GORD in adults

Definition/diagnostic criteria: Gastro-oesophageal reflux disease (GORD) is a condition where acid from the stomach leaks up into the oesophagus. It is diagnosed based on the typical symptoms of heartburn and regurgitation. When typical symptoms are present, the diagnosis of GORD can often be made clinically. However, in cases of atypical symptoms or when complications are suspected, further investigations may be necessary. The Montreal definition is widely accepted, defining GORD as ‘a condition which develops when the reflux of stomach contents causes troublesome symptoms and/or complications’.

Epidemiology: GORD affects a significant proportion of the population with a prevalence of around 20-30% of adults in the UK experiencing symptoms weekly. There is a slightly higher prevalence in Western populations, and incidence peaks in individuals aged 40-59.


Clinical features: The hallmark symptoms of GORD are heartburn and acid regurgitation. Other symptoms may include chest pain, dysphagia (difficulty swallowing), and chronic cough. Atypical symptoms can include laryngitis, asthma, and enamel erosion among others.

Investigations: Investigations are usually reserved for atypical cases, when complications such as Barrett’s oesophagus are suspected, or the diagnosis is in doubt. Common investigations include:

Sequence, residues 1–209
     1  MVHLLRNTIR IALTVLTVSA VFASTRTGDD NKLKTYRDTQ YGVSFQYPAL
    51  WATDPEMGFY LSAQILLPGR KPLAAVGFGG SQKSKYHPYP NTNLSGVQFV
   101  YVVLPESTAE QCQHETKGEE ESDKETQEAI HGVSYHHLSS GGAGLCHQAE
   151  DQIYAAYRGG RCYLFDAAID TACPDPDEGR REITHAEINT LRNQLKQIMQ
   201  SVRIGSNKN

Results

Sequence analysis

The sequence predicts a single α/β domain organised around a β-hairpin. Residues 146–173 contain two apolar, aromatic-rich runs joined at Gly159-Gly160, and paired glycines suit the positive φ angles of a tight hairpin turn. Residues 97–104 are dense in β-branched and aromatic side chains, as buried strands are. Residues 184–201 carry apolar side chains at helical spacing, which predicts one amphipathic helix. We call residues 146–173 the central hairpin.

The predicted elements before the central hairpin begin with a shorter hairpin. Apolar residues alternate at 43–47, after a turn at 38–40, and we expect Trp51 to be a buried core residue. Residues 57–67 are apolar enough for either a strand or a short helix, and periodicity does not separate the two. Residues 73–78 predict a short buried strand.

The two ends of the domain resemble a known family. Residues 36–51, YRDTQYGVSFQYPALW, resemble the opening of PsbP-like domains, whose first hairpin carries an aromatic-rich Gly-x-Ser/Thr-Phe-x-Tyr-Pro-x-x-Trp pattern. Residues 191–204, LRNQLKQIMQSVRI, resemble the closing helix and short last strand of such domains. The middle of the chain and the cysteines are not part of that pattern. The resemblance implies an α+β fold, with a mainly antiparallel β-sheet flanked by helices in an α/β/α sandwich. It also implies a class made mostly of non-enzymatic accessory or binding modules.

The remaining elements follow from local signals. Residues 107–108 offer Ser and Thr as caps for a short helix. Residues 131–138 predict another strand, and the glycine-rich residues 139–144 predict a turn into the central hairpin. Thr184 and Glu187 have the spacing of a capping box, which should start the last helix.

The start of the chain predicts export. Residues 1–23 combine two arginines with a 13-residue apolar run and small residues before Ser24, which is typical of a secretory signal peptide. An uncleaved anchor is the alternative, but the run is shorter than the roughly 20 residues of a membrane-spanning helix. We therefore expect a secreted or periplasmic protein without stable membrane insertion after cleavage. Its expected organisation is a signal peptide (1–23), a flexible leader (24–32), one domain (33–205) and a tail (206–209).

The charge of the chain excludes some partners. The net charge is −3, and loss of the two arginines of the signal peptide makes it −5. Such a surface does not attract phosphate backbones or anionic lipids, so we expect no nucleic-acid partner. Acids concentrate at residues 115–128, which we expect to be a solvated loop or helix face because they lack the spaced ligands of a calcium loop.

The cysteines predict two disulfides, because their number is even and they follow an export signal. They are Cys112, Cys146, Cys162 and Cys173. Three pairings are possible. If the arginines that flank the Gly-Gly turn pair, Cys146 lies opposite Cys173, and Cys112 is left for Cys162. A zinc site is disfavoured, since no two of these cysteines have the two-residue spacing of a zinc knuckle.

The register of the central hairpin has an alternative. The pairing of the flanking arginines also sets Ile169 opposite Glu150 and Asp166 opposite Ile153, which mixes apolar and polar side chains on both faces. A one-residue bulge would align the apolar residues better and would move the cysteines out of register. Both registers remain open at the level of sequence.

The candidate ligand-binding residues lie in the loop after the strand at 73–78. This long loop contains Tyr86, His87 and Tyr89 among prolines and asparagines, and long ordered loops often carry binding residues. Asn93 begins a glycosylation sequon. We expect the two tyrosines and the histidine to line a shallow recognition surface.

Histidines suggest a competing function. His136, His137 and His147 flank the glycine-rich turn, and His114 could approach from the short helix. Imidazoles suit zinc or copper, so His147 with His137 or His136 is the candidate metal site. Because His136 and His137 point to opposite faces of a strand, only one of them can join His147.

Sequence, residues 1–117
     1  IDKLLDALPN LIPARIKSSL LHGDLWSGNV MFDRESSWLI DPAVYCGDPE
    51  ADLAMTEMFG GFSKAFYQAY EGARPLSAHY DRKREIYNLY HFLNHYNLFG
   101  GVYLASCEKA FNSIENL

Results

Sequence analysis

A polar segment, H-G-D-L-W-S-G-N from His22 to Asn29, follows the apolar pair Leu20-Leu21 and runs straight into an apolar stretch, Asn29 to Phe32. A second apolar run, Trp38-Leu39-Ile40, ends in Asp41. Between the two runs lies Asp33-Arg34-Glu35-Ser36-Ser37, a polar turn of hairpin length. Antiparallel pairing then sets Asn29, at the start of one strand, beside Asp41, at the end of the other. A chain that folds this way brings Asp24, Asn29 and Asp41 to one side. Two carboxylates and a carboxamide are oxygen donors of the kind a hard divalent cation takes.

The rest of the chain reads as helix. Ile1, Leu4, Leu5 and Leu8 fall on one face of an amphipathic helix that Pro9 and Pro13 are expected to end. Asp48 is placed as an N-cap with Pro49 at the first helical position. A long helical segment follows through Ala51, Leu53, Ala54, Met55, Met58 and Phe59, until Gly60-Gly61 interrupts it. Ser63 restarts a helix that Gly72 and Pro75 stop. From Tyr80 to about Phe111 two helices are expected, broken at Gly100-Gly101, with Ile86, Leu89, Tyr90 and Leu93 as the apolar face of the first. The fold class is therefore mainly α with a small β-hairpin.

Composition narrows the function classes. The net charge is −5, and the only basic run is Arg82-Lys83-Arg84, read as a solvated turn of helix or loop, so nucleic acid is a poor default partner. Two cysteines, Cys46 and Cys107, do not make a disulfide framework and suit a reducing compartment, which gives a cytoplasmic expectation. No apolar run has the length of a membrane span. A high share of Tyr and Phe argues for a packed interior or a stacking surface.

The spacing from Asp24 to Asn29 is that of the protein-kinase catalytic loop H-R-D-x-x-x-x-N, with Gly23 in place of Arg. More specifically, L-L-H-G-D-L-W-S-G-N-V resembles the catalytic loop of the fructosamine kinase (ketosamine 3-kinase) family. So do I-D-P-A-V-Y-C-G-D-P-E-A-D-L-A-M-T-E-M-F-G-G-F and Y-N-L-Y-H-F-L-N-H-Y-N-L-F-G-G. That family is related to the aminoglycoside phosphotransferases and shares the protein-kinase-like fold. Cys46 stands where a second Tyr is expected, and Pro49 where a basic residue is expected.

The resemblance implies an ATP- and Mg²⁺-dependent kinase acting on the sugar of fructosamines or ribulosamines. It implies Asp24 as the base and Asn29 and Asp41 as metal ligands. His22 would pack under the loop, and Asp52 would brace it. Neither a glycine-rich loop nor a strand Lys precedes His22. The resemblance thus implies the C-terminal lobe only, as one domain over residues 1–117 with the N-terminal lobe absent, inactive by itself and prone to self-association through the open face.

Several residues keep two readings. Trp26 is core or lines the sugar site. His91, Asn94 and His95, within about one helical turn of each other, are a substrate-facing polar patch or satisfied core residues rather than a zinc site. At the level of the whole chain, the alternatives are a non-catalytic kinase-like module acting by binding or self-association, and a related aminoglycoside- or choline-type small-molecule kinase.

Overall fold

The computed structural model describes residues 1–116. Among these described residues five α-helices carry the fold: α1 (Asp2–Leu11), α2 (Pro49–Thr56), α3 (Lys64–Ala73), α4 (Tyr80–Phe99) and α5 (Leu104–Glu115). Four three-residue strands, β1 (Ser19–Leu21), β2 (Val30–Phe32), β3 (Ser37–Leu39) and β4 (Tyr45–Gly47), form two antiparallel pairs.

• Endoscopy: Recommended for patients with alarm features or those unresponsive to initial treatment.
  • Ambulatory pH monitoring: Considered the gold standard for diagnosing reflux in patients with non-erosive reflux disease.
  • Oesophageal manometry: Primarily used to rule out motility disorders.

Typical abnormalities found in GORD include oesophagitis seen on endoscopy or abnormal acid exposure on pH monitoring.

Treatment: The approach to managing GORD involves lifestyle modifications and pharmacotherapy. Lifestyle interventions include dietary changes, weight reduction, and elevating the head of the bed. Pharmacological treatment typically starts with proton pump inhibitors (PPIs), as they are more effective than H2-receptor antagonists for symptom relief and healing of oesophagitis. Antacids and alginates may be used as required for relief of occasional symptoms. Treatment may be stepped down once symptom control is achieved.

Prognosis: The prognosis for GORD is generally good with appropriate management. However, it is often a chronic condition requiring long-term treatment, especially in those with severe oesophagitis or Barrett’s oesophagus. Complications can include oesophageal strictures, Barrett’s oesophagus, and, rarely, oesophageal adenocarcinoma.

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